Sometimes you see two trends going in different directions, and you wonder which side is crazy. Here's an example.

Trend #1: College admissions and drama

It's never been harder to get into an elite college in the United States. The undergraduate admission rate at Harvard was 4.5 percent last year. At Columbia: 5.1 percent; at Princeton and Yale 5.8 and 5.9 percent.

That sort of explains (although obviously doesn't excuse) why so many wealthy parents have been caught up in the college admissions scandal, with some now going to prison for their crimes. 

But if you're not wealthy (and you don't wind up with significant scholarships), graduating from a U.S. college also means big time debt: an average of $29,800 for the class of 2018.

Trend #2: Hiring strategies that don't involve college

A survey of 1,006 hiring managers in tech and engineering fields earlier this year found that 80 percent said "there is a gap between available talent and the type of talent they need."

Earlier this year, a group of CEOs, including Apple's Tim Cook met with President Trump to address employment in America. 

The top takeaway from their meeting in March? The degree to which they are increasingly hiring people who don't even have college degrees.

"We never thought that the college degree was the thing that you had to have to do well," Cook said (according to Reuters), adding that "our founder was a college dropout," an apparent reference to Steve Jobs.

  • Others in the meeting included IBM CEO Ginni Rometty: "We have a chance to employ so many more people - and not always with a college degree, a less than a four-year degree will get a very good paying job in the new economy."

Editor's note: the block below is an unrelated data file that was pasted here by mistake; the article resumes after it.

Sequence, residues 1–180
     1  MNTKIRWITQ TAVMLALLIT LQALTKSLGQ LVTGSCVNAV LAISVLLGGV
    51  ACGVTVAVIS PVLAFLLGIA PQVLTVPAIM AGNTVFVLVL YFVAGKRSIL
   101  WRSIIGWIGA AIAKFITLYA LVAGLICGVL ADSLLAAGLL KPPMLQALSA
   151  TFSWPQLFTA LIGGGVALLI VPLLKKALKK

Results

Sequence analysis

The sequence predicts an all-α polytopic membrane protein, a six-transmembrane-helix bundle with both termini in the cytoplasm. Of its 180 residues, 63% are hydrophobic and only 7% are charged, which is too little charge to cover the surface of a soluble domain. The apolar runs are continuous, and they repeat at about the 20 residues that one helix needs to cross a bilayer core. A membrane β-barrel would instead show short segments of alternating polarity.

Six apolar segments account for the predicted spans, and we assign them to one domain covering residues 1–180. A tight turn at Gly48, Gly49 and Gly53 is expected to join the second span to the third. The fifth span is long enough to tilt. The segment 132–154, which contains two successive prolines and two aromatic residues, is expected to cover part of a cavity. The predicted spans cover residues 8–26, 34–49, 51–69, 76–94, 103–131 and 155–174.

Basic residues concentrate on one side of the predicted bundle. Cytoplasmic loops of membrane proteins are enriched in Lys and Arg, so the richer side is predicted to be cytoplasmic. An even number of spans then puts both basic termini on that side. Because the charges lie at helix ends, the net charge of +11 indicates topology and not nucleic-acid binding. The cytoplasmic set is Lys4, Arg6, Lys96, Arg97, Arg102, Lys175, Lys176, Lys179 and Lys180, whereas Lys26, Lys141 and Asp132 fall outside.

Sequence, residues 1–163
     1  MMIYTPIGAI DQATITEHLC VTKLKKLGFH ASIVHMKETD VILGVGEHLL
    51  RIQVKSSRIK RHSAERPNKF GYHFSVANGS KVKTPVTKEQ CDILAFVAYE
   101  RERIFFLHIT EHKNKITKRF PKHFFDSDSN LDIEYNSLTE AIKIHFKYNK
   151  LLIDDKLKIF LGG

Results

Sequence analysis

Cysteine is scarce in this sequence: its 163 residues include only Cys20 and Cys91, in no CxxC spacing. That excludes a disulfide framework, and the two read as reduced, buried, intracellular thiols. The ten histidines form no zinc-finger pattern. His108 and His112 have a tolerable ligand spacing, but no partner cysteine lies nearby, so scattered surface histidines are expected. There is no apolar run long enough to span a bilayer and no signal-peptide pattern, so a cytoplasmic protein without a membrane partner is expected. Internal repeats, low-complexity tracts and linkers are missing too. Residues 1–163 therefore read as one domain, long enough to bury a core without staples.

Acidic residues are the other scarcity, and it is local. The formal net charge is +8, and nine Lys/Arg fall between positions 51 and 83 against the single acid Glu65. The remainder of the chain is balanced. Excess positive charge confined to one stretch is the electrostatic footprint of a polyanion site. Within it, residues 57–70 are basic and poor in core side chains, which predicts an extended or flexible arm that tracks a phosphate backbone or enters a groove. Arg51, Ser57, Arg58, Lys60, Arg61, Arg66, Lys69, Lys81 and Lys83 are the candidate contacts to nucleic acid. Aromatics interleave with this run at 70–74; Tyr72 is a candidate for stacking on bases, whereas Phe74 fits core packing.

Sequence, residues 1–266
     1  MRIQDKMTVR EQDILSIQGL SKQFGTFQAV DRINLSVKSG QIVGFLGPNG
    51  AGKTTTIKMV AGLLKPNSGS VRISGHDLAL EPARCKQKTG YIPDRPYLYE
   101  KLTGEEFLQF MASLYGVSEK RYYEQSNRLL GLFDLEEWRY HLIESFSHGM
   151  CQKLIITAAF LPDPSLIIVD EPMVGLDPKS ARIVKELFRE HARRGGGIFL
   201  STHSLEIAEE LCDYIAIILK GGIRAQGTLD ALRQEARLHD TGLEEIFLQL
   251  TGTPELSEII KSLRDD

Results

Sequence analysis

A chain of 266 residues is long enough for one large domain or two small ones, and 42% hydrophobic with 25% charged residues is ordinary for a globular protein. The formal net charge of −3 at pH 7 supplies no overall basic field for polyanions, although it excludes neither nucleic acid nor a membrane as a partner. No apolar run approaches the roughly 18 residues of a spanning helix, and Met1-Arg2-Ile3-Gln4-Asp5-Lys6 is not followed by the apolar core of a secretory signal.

• Lockheed Martin CEO Marillyn Hewson said that her company hired 14,000 people during 2018, but only half of them had college degrees.
  • Separately, a LinkedIn analysis earlier this year found that 26 percent of LinkedIn members who are electrical technicians, for example, and who report that they are working at firms listed on LinkedIn's Top Companies List (including Alphabet (Google), Facebook, Salesforce, Uber, Apple, Airbnb, Netflix and 23 others), also report they don't have a college degree.

"Not only do I not have a four-year, degree but I'm also a high school dropout and worked the graveyard shift as a baker until I landed my first design gig," a Netflix UX designer named Hannah Maddy told LinkedIn.

What can you do with a B.A. in English?

Okay, let's bring these two trends together -- well, as closely as we can.

The idea of spending hundreds of thousands of dollars on a college degree only makes sense from a financial perspective if the return on investment. 

For years, that was clear. Go back a decade, and reports suggested that a four-year college graduate would make $2.8 million more on average over a lifetime versus someone with just a high school diploma.

That's a bit extreme, you might suspect, given that there's a big middle ground of people with associate's degrees or at least "some college."

But it's also possibly irrelevant now. And it's why I say we have two trends going in different directions.

I never though that my B.A. in English (yes, I have one), would make that much of a difference in terms of my net worth. I somewhat naively thought I'd be financially successful regardless.

But it looks like when it comes to some of their most important positions, the big tech companies are looking past college -- and recruiting for needed skills instead of degrees.

It's a pretty smart strategy, and one that more companies are likely to copy. Maybe yours should, too.